What your mama never told you about the Powder Post Beetle
Insect infestations in wooden masks

Minor damage due to Powder Post Beetle.
The problem can get much worse
than this.

End of the road; a mask rendered useless by the Powder Post Beetle's feast.


The Powder Post or "Lictus" Beetle

The destructive little insect which is so frequently found in Mexican masks is of the Lyctus (Lyctidae) or the Anobiidae variety of Powder Post Beetles. The precise type of beetle in a wood piece can vary with the type of wood and whether it is a hardwood or softwood. As mask collectors, we don't really need to be experts in entomology to deal with this - we just have to know how to get rid of them quickly and economically. If this is your wish, you are in the doctor's office.

Alternate ways of getting rid of the bugs

Sure, you can chamber fumigate your masks with a professional extermination company - but it's quite expensive and requires two trips to some strange location. Radiation sterilization (as used with some non-refrigerated milk) might be an option but again there's the cost factor. Heating them up at a low oven temperature such as 130 degrees F for at least 24 hours kills most insects, but there is risk for damage to the paint of a mask. Forget about freezing them out - It's never worked for me and I don't think it's a reliable method. Last, several new liquid and spray insecticides have come on the market in the last 20 years. With some, residues and odors can be a problem and the best ones are expensive.

The best way I know

The most reliable and trouble-free method I have ever used is to fumigate the pieces at home myself, using moth crystals or moth balls (paradichlorbenzine) inside several layers of sealed plastic trash bags, and leaving them outside in the hot sun for a week or more.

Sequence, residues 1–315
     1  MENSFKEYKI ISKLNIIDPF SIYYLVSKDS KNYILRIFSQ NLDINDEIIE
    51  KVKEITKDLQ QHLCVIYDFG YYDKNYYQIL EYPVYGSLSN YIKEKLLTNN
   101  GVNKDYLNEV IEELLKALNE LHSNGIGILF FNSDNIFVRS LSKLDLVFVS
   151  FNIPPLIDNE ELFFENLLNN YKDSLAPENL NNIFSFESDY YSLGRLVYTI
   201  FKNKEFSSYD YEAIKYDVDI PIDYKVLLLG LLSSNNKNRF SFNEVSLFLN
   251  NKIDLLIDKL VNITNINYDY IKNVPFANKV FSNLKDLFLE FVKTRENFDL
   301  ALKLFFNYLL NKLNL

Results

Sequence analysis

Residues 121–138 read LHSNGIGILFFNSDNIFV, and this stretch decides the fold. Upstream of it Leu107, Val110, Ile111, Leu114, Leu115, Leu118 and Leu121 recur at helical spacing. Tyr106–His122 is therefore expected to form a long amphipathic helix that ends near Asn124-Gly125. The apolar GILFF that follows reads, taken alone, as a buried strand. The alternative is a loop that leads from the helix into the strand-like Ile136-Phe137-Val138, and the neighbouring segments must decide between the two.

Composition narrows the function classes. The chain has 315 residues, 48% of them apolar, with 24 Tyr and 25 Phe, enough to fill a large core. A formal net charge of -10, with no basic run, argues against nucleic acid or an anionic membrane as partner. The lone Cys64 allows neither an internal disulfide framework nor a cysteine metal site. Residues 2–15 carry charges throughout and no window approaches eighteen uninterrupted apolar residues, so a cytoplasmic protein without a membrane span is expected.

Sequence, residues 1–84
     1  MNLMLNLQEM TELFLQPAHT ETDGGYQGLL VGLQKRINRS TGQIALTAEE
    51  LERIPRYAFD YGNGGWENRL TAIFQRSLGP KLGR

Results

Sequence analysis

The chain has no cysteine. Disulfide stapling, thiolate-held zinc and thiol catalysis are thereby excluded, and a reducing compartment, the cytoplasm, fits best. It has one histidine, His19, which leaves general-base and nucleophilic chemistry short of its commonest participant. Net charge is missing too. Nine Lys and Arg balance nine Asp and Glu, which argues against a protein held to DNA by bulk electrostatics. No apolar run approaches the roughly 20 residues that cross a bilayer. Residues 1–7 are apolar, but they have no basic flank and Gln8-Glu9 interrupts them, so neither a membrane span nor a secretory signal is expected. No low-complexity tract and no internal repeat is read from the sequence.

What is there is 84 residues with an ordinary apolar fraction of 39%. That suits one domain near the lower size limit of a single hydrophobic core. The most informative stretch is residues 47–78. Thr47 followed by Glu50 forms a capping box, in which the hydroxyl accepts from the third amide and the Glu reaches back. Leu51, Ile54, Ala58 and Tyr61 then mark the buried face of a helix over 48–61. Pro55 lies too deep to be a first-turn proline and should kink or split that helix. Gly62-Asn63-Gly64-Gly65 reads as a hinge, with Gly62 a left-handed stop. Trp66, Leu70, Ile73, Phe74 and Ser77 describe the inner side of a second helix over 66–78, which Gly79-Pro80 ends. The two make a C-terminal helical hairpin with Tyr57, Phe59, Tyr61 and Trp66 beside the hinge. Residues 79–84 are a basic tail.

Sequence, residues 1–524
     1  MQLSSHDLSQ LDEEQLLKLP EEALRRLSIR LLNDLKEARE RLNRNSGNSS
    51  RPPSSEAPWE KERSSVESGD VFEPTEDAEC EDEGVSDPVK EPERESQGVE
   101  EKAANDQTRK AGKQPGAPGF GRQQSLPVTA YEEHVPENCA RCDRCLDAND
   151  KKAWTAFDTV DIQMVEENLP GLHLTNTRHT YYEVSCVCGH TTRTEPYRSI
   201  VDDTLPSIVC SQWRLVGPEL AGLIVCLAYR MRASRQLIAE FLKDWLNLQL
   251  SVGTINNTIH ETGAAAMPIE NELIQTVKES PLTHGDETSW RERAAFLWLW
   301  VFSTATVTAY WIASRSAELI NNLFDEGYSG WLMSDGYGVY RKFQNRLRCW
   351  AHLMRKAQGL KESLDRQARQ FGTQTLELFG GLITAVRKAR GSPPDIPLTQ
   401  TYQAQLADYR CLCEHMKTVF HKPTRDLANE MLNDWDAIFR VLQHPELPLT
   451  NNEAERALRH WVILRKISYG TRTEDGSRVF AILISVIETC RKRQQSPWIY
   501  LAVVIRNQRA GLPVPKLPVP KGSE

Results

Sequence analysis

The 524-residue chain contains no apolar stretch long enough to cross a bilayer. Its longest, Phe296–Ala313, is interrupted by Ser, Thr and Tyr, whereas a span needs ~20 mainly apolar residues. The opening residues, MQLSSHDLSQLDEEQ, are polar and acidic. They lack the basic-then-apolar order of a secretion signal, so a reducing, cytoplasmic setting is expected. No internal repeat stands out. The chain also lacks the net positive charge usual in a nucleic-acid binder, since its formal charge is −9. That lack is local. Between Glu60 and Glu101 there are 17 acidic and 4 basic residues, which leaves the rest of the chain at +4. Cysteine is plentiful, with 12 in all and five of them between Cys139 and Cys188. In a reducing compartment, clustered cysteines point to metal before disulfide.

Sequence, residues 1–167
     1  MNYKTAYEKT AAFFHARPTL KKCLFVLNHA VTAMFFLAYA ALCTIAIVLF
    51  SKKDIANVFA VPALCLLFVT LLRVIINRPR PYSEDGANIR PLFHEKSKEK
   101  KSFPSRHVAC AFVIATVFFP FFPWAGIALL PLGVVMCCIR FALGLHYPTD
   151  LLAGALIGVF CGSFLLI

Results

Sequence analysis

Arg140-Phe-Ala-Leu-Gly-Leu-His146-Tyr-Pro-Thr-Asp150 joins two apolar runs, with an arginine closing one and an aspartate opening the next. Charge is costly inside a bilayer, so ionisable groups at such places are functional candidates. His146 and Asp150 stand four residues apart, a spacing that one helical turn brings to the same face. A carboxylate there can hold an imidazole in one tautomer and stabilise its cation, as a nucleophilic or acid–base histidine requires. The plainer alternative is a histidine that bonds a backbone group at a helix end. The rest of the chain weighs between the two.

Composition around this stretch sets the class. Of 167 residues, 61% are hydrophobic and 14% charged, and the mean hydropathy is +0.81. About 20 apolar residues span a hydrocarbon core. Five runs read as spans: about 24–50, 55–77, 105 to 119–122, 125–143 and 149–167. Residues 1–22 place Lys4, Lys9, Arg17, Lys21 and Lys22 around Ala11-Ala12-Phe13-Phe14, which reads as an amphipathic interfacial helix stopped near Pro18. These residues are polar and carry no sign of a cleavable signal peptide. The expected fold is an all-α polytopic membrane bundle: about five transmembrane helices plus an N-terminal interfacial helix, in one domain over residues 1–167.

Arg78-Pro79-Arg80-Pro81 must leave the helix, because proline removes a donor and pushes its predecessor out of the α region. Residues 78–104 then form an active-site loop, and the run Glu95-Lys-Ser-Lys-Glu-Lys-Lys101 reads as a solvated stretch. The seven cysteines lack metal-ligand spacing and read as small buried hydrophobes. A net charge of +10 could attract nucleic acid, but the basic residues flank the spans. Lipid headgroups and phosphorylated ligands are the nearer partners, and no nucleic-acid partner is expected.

I seal up to ten or more pieces in large bags with the crystals dispersed in the bag. If crystals get on the actual masks it doesn't seem to matter. Three or four bags are used inside each other, sealing them well to keep the vapor inside. Then I place them in the backyard of my house in the open sun. The heat of the summer sun helps the process as the crystals evaporate and the vapor fumigates the pieces. If you are nervous about the odor of the chemical, placing the bag up on the roof of a garage keeps any smell away from people.

Okay now, I think some law says I need to mention that the paradichlorbenzine in the moth crystals is possibly ever so smidgenly carcinogenic. But I don't think there's a serious risk if you work quickly and with gloves and try not to breathe the vapor too much. People have used mothballs and mothcakes in their homes for a long, long time and I don't know of anyone who has died from it. But if you are squeamish, you'd better ask your physician first.

Anyway, just leave the sealed bags out for a week to ten days and I doubt you will ever see the bugs again. When you open the bags you may see some unfortunate fleeing Lyctus beetle families in the bottom of the bag, some of the crystals will have evaporated and you need to brush off and air out the pieces completely. The chemical will leave entirely as with mothballs on clothes - within a few days. It goes away without a perceivable trace and no damage to paint has occurred to any of my pieces so far - and the beetles have never returned after using this method.


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